More than 100 million Americans suffer with chronic pain; it is the most common medical problem in the country today, surpassing cancer, heart disease, stroke and diabetes. The cost of treating pain exceeds half a trillion dollars annually, yet most people do not consider it a major health problem, according to Dr. Lynn Webster, author of “The Painful Truth: What Chronic Pain is Really Like and Why it Matters to Each of Us.” The painful truth is that millions are going untreated or undertreated for their debilitating pain, and it will take a societal attitude change amounting to a revolution to reverse this.
Webster has devoted his career to pain management, and his expertise is recognized globally as he works to develop safe and effective treatments for chronic pain. His Opioid Risk Tool is used by thousands of practitioners and his book “Avoiding Opioid Abuse While Managing Pain” is used for training physicians in the field of pain management.
With “The Painful Truth,” Webster gives readers the stories of some of his patients — Carolyn, a victim of a mall shooting that took the life of her 15-year-old daughter; Jason, a First Lieutenant in the Army who carried the pain of a basic training injury throughout his military career; Hal, an NFL linebacker whose career-ending spine injury set him on a downward spiral that ended in jail. These personal, harrowing stories of suffering and loss illustrate the issues those suffering chronic pain must deal with each day.
For many, their suffering is compounded by addiction problems (20 to 30 percent of people prescribed opiates become dependent on them) and lack of understanding from families, friends, employers, co-workers and the medical community. Webster’s narratives illustrate the necessity of a multi-modal approach to treatment. “Pain isn’t just biological,” Webster writes, “It’s also psychological, social and spiritual. It’s personal.” His success stories aren’t about cures. For those suffering months and years of chronic pain, it is something they have accepted as part of their lives, but it is possible, with support, to reduce pain so it is not debilitating.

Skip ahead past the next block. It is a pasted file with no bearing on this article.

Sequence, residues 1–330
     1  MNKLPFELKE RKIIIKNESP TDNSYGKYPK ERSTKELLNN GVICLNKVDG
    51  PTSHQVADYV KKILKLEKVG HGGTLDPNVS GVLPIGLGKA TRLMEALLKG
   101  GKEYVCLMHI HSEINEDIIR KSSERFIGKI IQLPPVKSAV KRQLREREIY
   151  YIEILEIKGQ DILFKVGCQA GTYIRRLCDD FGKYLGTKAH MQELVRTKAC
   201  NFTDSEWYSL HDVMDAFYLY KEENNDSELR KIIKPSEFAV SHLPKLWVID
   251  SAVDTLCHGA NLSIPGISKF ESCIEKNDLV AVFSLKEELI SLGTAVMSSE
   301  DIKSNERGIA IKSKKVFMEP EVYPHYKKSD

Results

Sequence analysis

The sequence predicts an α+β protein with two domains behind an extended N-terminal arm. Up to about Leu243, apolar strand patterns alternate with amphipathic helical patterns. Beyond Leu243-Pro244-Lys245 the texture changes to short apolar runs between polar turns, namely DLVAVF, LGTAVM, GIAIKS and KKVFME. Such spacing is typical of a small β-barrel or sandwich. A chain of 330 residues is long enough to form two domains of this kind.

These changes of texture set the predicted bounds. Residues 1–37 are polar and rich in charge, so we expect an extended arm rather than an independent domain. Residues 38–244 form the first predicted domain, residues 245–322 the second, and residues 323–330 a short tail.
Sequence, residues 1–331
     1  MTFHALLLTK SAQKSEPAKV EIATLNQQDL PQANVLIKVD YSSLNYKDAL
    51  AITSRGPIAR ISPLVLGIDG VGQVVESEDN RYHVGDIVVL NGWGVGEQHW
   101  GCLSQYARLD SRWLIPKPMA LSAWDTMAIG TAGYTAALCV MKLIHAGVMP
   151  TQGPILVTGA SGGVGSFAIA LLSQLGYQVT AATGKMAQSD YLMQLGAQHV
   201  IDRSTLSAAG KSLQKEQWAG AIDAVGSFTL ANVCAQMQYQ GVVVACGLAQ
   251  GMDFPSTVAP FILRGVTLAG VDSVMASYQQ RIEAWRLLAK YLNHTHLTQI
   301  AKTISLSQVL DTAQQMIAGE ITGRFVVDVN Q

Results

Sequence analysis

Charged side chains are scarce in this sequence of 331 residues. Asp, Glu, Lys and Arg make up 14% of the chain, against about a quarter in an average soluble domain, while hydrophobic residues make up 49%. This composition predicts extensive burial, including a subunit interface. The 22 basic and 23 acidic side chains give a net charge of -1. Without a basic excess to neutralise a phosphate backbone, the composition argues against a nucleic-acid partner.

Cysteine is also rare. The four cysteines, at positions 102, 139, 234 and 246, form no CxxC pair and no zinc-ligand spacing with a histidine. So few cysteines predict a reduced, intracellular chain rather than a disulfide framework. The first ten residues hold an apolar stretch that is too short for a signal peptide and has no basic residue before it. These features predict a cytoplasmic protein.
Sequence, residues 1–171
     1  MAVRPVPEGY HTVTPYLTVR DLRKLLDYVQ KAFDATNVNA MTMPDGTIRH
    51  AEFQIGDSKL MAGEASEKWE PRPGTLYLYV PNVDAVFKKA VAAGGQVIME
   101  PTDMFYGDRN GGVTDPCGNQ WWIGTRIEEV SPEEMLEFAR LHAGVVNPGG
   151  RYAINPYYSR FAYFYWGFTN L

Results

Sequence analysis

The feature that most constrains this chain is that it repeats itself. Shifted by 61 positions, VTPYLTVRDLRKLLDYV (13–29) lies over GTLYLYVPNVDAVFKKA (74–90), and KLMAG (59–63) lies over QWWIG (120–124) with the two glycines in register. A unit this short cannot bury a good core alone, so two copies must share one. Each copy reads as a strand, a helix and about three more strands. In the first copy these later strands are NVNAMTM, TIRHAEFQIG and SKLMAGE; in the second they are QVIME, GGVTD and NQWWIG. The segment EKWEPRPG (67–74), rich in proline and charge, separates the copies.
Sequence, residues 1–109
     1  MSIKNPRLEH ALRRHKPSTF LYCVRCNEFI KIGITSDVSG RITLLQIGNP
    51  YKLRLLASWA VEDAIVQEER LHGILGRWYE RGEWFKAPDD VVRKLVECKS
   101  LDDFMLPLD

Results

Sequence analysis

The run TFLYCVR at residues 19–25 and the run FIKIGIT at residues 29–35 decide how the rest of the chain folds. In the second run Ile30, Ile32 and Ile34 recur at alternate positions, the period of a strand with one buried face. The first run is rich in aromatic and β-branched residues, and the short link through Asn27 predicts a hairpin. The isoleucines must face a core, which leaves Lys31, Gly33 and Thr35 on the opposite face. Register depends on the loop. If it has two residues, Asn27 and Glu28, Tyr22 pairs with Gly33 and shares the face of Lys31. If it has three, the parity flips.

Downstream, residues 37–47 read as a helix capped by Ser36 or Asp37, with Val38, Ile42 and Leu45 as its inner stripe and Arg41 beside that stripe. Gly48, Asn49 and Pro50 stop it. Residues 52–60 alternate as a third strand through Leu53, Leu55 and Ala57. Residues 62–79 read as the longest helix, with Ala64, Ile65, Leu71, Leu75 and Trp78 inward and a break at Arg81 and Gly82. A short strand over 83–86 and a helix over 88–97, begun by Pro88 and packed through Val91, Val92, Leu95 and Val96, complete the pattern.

Webster opens his book describing how companionship and community support can aid the healing process, yet those who suffer pain are often isolated. Pain cannot be seen, and it is measured by self-reporting, a subjective measure that health care providers may not take seriously. The problem of opioid abuse has cast a stigma over the use of these drugs for treatment.
Regulators scrutinize the prescription practices of doctors. Fearing litigation, many doctors are hesitant to prescribe appropriate medication. Insurance companies, to save money, often don’t cover costly, yet effective, medications. Webster believes the answer is a society-wide transformation in how we deal with chronic pain. In addition to leaving the practice of medicine to doctors rather than health insurance companies and DEA regulators, Webster would like to see more NIH research funds dedicated to finding new treatments. Research is effective, Webster writes, yet only 1 percent of NIH research goes towards pain treatment.
Webster’s book does offer some hope for sufferers. In his practice, he’s seen the power of the mind to lead one suffering pain towards healing. Those who resign themselves to pain and focus on their loss do not fare as well as those who accept their condition and resolve to live the best life possible despite their pain. He calls these modes of thought “acceptance with resignation” and acceptance with resilience.” Those who suffer must be proactive and positive. Being involved in your own treatment is good medicine.
Religion and spirituality also play an important role in the healing process. Webster’s deeply religious patients were all able to draw on an inner peace, a sense of connectedness and a process of meaning-making that comes with their beliefs to find some relief from their pain. For those who don’t prescribe to a religion or have a spiritual system of beliefs, Webster writes: “Love, compassion, giving and relationships are within the reach of all of us, whether we’re believers or doubters when it comes to pain. These are the ingredients in the elixir for pain.”